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They Can Take Their Rood And Shove it

I keep hearing people, Senator Obama most recently, talk about a need to address issues of faith. Perhaps his faith accepts and endorses public proclamations, but for most of us raised as Christians it is a private matter. We were taught that public protestations of faith are hypocrisy, because that is what Christ taught in Matthew chapter 6. Are we expected to ignore the clear meaning of that chapter because the Christianists have chosen the path of the Pharisees? Are the Christianists exempt from the Bible as well as the Constitution?

When I see Roy Moore’s “Rock” in the Alabama Supreme Court, or this latest “construction” Karen has posted, I view them as poor representations of the “Golden Calf” mentioned in Exodus. When they stick G-d on the money or in the “Pledge of Allegiance” I consider it sacrilegious, just as Teddy Roosevelt did.

We are putting up with their wails about discrimination, but there is no great outcry when, as Elayne notes they hound a Jewish family from their home. Where is the outrage from the Bush brothers when, as Mustang Bobby reports, one of their preferred Christianist leaders, Rev. O’Neal Dozier, refers to Islam as a “cult”?

Finally Steve Gilliard reports on Sergeant Patrick D. Stewart, a man who was killed in action while in the service of this country. Because the he was a Wiccan, and the Wiccan pentagram is not on the list of VA approved symbols, not only will the government not supply a headstone with that symbol, but it is illegal for that symbol to be on a headstone in a national cemetery.

If Sergeant Stewart had been an Eckankar, a religion that has only existed since the mid-1960s the government would supply the headstone with the appropriate symbol, but Wicca, which has existed for centuries, isn’t on the list.

Christianists keep claiming that Wicca is related to Satan. I’m sorry, but Satan is a concept of the Torah, the Bible, and the Koran, not Wicca. Many religions have a concept of evil in them, and that evil is what the religions are combating.

Apparently the Christianists complain about discrimination, so no one will notice when they do it. Not that they’ll notice but it is: “Do unto others as you would have them unto you”, not: “Claim that others are doing unto you what you are doing unto them.”

7 comments

1 oldwhitelady { 07.09.06 at 10:22 pm }

Apparently the Christianists complain about discrimination, so no one will notice when they do it. Not that they’ll notice but it is: “Do unto others as you would have them unto you”, not: “Claim that others are doing unto you what you are doing unto them.”

Oh, absolutely! This is exactly how I see them, too. Thanks for posting that!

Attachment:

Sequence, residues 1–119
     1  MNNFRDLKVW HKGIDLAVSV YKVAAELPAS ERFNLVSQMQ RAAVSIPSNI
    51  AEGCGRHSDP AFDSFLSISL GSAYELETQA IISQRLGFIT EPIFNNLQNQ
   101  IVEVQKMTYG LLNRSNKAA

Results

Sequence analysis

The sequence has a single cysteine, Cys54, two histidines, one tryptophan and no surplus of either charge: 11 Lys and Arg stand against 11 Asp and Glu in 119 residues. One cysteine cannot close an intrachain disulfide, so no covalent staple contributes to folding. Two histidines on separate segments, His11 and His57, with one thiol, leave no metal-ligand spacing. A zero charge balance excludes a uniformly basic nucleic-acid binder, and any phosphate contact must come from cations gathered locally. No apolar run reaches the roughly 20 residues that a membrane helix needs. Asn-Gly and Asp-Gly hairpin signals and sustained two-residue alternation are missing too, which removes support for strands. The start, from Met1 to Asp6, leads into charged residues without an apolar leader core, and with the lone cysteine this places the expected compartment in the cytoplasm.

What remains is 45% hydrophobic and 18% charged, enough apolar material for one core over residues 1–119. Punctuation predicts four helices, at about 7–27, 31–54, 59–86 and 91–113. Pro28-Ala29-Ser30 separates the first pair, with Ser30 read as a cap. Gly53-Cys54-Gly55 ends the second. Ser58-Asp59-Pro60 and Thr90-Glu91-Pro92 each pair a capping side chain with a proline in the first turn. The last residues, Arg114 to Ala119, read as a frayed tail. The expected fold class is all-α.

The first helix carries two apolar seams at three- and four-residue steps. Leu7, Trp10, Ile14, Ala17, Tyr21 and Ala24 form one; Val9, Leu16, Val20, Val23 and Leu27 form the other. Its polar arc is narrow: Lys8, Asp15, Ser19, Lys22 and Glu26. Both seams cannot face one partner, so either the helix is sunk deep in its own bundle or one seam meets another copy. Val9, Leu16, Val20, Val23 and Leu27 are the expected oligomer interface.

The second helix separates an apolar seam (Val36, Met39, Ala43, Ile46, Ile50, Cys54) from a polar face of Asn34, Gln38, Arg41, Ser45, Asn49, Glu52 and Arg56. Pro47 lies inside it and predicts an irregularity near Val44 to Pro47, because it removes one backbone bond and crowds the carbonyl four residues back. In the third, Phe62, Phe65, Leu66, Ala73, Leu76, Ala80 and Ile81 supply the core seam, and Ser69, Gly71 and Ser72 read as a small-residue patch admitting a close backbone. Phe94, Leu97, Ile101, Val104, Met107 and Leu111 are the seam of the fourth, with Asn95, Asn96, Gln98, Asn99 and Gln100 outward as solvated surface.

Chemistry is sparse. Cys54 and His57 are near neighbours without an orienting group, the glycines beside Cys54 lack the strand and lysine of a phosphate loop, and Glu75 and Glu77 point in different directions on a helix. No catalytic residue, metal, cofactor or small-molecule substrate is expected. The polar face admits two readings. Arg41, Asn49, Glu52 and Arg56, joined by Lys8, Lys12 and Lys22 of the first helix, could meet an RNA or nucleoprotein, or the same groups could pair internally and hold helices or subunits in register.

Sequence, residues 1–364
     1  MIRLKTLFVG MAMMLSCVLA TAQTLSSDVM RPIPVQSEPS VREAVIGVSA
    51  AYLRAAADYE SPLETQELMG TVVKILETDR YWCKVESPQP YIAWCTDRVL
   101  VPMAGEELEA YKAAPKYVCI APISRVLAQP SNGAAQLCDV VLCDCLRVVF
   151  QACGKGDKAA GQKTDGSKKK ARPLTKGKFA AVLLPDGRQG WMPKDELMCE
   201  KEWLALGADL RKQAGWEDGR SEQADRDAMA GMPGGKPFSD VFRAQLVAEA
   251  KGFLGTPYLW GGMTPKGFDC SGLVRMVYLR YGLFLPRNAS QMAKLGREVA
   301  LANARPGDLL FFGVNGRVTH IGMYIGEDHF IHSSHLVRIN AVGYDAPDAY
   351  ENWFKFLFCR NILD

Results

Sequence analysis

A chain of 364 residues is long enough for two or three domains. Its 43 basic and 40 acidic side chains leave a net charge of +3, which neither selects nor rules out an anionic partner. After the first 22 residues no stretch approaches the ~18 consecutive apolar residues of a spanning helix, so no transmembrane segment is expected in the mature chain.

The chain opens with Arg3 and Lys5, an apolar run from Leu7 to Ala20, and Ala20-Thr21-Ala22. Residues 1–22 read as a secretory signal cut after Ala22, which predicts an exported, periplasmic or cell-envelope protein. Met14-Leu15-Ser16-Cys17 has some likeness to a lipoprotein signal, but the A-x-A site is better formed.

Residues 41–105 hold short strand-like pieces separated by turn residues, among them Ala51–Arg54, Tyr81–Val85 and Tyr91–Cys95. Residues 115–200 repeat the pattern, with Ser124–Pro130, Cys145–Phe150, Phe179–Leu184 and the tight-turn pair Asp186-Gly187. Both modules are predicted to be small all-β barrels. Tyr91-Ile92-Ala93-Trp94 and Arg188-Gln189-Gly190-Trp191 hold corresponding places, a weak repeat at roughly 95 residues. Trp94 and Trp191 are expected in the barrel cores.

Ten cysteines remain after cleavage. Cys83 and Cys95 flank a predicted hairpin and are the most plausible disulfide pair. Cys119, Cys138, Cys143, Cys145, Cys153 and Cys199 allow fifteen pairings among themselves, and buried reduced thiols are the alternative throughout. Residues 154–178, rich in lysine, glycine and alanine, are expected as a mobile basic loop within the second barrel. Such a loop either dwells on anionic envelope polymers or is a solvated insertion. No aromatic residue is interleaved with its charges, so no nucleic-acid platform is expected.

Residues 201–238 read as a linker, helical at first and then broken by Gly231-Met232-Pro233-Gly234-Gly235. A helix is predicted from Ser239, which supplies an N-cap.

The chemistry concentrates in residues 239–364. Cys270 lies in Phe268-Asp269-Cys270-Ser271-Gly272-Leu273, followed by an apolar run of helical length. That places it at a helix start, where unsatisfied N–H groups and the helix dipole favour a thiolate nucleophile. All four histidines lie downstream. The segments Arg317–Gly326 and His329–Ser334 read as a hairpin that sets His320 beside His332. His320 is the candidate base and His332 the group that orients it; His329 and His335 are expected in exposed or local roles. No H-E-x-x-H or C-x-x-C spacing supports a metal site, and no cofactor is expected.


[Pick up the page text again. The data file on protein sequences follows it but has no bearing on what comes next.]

2 Karen { 07.10.06 at 10:50 am }

Well their most frequent back-assed complaint about this being a *fair issue* to have candidates campaign on and making this a “qualification” they wish to see applied to Ofiiceholders and Public Policy…can called a “Litmus Test” – but – must come out AGAINST these views being foisted on the system from Article VI of our Constitution:

“…The Senators and Representatives before mentioned, and the Members of the several State Legislatures, and all executive and judicial Officers, both of the United States and of the several States, shall be bound by Oath or Affirmation, to support this Constitution; but no religious Test shall ever be required as a Qualification to any Office or public Trust under the United States.”

Which is just one tiny reason (among many) as to why I agree Religion IS and ought to Stay a private matter for individuals…but even more so for candidates and officeholder!

3 Bryan { 07.10.06 at 12:54 pm }

The frustration builds up, OWL, and sometime you have to release the pressure.

Karen, if you study history you will repeatedly see that every time church and state mixed, the church loses. The government never becomes moral, the church becomes politicized. To paraphrase John Locke, do you want to wager your immortal soul on the decision of a bureaucrat?

4 andante { 07.10.06 at 2:18 pm }

It’s hardly the government’s fault if churches can’t sway people.

I don’t think we’re at the point yet when we wager our souls on the decision of bureaucrats – with the exception of the capitalists-gone-crazy – but we are forced to wager our physical well-being on them.

5 Bryan { 07.10.06 at 7:55 pm }

Andante, I feel bad for all of the fools who listen to the Falwells and Robertsons and think it’s going to help them through the gates.

6 Steve Bates { 07.11.06 at 12:11 am }

Bryan, which gates? the ones Rodin depicts so vividly? 🙂

(Sorry; I try to resist entering into discussions of Christian theological matters, because much of the viewpoint is so unlike my own. But this one was just hanging over the plate, begging me to swing…)

7 Bryan { 07.11.06 at 11:28 am }

This is, of course, one of the major problems of sticking your religion into everyone’s politics – you lose the right to keep others out of your theology. The major religious wars of Europe were a prime example of what happens when religion and politics are welded together and the presence of many of my ancestors in this continent is a result.

If you keep your religion to yourself you tend to avoid centuries of warfare.